Girls Prep Basketball

STEVE HANLON: Taking a club to girls hoops

2012-11-08T22:00:00Z 2012-11-20T23:36:34Z STEVE HANLON: Taking a club to girls hoopsSteve Hanlon Prep Beat
November 08, 2012 10:00 pm  • 

Like a basketball on an index finger, the earth keeps spinning.

Days change culture, and what once was is no more.

Nothing could be clearer than walking into the gymnasiums of Munster and LaPorte high schools in recent weeks. The echo of bouncing basketballs could be heard.

But it was symbolic tumbleweed that was seen.

Munster had 23 girls in grades 9 through 12 come out for girls basketball tryouts. LaPorte had 15 young ladies come out. And that is NOT a typo.

Three schools in the Northwest Crossroads Conference will not field a freshmen basketball team this winter because of lack of numbers.

The running opinion of girls hoops coaches is simple: year-round club volleyball is killing the sport that once put Northwest Indiana on the map.

"That is very accurate," LaPorte coach Skeeter Heath said with an exhausted breath.

He just exclaimed "wow" when asked how many potential hoopsters he's lost because of the expensive and time-consuming club volleyball commitment.

The issue isn't freedom and kids and their families choosing to play one sport, they say. It's because many club volleyball coaches are also coaching high school teams now.

It is to their financial benefit to "encourage" more players to forgo high school basketball and sign a check to play club volleyball January through December.

"It's a conflict of interest at the very least," said Hobart coach Mike Hamacher, who said he's lost between 20-30 kids in his eight years in Brickieland.

He said it's gotten worse since Kristi Hoese was hired as Hobart High's volleyball coach. Hoese also coaches for the Dunes Volleyball Club.

"When club coaches are in your building they can influence girls to do what they want them to do," Hamacher said. "I've heard stories of high school volleyball coaches telling kids that they won't make the team the next season if they don't play club."

I have, too.

Ken Markfull battled this new trend at Andrean before being let go after last season. He had three tall, athletic players come out for basketball for one day last season and then quit so they could play club volleyball.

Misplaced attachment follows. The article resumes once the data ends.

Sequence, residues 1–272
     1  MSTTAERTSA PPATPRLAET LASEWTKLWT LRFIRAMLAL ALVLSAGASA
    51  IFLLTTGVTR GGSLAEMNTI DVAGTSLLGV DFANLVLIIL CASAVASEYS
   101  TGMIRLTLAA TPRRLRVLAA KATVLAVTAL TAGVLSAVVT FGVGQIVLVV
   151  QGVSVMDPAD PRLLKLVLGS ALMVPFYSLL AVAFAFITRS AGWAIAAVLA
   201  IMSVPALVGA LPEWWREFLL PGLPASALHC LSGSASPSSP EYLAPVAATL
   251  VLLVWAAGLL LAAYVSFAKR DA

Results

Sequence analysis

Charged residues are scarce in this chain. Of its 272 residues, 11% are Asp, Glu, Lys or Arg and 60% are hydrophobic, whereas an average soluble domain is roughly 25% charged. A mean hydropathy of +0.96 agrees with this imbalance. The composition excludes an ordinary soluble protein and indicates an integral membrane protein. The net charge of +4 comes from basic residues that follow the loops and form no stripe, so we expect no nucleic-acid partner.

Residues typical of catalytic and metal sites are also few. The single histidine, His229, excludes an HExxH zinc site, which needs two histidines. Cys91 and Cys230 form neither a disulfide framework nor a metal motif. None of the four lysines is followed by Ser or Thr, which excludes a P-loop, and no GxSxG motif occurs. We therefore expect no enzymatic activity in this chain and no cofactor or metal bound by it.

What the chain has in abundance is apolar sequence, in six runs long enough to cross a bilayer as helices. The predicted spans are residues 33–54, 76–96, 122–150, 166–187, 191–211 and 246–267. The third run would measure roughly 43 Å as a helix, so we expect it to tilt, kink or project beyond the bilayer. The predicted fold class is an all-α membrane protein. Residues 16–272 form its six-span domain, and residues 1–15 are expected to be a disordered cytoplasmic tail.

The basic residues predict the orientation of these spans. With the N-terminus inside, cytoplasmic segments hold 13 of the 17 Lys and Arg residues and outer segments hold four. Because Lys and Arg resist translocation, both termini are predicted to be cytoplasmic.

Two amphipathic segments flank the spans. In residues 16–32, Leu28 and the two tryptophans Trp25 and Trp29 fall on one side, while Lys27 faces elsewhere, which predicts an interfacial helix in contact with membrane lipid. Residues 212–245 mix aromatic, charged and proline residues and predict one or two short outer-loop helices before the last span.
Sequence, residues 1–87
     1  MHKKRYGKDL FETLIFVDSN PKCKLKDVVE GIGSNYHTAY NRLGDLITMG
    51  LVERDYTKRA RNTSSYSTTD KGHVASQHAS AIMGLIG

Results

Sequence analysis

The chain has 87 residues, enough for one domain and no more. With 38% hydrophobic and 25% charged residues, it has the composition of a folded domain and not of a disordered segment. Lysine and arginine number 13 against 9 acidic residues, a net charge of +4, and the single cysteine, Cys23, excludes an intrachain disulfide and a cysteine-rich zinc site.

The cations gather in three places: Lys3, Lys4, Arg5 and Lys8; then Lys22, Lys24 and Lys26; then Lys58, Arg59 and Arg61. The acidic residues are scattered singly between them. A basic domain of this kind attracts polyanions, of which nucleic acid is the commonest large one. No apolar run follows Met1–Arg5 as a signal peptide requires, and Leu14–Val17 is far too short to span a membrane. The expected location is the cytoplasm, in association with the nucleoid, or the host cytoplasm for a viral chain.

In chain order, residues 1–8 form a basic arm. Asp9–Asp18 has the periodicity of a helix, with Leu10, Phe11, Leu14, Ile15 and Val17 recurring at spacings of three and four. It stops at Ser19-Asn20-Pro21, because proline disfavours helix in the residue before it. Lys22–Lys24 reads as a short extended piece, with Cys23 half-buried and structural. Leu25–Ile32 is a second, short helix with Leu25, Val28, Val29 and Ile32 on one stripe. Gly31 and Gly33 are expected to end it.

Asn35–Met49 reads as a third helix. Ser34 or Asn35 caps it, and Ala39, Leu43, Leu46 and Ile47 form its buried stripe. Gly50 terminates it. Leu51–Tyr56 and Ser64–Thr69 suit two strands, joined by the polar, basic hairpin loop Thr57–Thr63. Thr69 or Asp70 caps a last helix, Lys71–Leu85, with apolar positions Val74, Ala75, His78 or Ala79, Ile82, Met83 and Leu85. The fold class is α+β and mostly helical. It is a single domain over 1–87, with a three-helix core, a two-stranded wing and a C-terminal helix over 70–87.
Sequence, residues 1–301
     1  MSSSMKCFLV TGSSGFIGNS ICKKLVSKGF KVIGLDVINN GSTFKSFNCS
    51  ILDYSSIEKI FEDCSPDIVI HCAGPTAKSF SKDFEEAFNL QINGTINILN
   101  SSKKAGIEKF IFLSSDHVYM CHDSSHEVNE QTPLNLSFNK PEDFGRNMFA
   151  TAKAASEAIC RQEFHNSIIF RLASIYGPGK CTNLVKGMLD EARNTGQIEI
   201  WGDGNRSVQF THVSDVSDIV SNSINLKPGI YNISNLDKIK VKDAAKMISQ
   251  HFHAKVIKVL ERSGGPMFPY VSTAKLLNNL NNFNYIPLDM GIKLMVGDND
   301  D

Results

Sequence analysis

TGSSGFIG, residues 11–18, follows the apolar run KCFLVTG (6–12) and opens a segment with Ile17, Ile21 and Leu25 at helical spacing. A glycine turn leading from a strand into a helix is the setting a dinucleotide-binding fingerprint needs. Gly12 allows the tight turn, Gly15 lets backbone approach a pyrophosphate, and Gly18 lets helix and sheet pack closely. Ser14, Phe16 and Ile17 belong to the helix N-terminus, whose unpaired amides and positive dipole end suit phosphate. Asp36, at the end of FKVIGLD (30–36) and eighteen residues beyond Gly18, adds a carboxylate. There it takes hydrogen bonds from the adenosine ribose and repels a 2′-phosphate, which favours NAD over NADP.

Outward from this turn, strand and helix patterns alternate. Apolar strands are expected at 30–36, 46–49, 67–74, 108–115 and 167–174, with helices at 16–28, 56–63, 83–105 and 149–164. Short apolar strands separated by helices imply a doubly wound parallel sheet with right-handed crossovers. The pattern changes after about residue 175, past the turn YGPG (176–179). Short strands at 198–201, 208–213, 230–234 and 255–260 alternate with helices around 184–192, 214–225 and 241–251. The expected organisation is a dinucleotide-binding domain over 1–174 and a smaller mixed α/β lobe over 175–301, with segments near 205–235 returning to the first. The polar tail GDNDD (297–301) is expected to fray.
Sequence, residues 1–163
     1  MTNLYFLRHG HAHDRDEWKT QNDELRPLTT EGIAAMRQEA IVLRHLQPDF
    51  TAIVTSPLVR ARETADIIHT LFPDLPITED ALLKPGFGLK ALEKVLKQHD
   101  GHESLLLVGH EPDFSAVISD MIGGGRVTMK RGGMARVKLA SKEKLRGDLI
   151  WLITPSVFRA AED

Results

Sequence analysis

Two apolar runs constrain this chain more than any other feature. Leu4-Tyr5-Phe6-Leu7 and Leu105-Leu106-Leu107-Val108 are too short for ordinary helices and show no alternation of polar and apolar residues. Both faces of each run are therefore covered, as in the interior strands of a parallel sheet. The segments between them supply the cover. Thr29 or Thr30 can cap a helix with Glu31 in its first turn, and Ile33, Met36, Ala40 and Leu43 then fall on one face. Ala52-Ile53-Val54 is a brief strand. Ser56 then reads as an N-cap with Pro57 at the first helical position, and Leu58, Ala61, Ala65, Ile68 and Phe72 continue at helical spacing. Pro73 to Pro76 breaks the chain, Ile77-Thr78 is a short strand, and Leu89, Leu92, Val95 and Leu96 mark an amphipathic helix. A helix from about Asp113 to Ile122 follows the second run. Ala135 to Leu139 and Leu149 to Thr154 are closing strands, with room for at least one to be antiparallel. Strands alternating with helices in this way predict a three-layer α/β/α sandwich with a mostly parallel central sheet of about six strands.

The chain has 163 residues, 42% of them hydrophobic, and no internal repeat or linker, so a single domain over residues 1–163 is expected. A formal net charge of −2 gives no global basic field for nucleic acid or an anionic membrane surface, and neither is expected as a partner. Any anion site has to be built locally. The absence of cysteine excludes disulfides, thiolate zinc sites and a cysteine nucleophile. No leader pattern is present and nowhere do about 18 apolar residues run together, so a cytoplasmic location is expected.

Andrean volleyball coach Julie Wiejak is also a big part of Lake Shore Volleyball & Athletics. If you go to the Andrean website and look up the volleyball page, it links you directly to the Lake Shore website.

Once there, you will get photos and stories about the 59ers volleyball team, but you will also get announcements for joining the club team.

An attempt to reach Wiejak was unsuccessful.

"There was a time when very few kids played club volleyball," Markfull said, "and if they did they played basketball, too. Now, if you want to make a high school volleyball team you have to play club.

"Consequently, the (basketball) talent in the region is no where close to where it was 10 years ago."

Does anyone remember girls basketball around here in the 1990s? Gyms were packed as fans watched multiple state-ranked teams compete in Indiana's game.

Those teams had basketball-driven kids joining forces with their school-mates who picked volleyball as their No. 1 sport. But the seasons were divided and in the winter the best athletes combined for community spirit and pride.

That isn't the case anymore.

If high school volleyball teams in the area were making it downstate, maybe a case could be made for the switch.

But really, prep volleyball in northwest Indiana isn't very good and now girls basketball isn't either.

"The thing that hurts us is not only do they not come out for high school, but they play in the middle school," Heath said. "So you have other kids not getting as much playing time so their skill level isn't where it could be."

Hobart's Hoese did speak to the matter.

"I do not think it's a conflict of interest at all," said Hoese, whose is part of an organization that coaches 600 paying members in the Dunes.

"If you're looking at getting scouted for college now you have to play year round," Hoese said. "You can do both."

At first Hobart 6-foot-1 sophomore Zoe Wilson chose not to play basketball after being very good in middle school.

"I started playing basketball in second grade," Wilson said. "I was die-hard basketball up until my freshman year. Then, I fell in love with volleyball."

On Wednesday night Wilson's father called to let me know she changed her mind is going to play high school basketball, too. She should make a very good Brickies team even better.

Hamacher believes athletes all around the area are influenced by club coaches to stop playing high school basketball.

"I've heard this for years," said Dunes founder Rick Ashmore, who is also the volleyball coach at Kankakee Valley. "We allow kids to play multiple sports. Most kids do in middle school. But a lot of times when they get to high school the parents see in order to keep their grades up they have to make a choice."

Lowell senior Katie Bobos spent much of the last four years batting away hard offers from club volleyball teams. She played volleyball for her school, but she also played hoops.

She listened to the promises of almost sure volleyball scholarships if she played club. Instead, she is being recruited by Florida Gulf Coast for hoops.

But she has an eighth-grade sister who hoops and goes volleyball clubbing. The future of region girls basketball is hanging on the brink.

"The bad thing of playing one sport is doing the same thing over and over and over again," Bobos said. "You don't get to experience any other sports. You miss a lot of experiences with your high school friends.

"I want to enjoy it all."

 This column solely represents the writer's opinion. Reach him at

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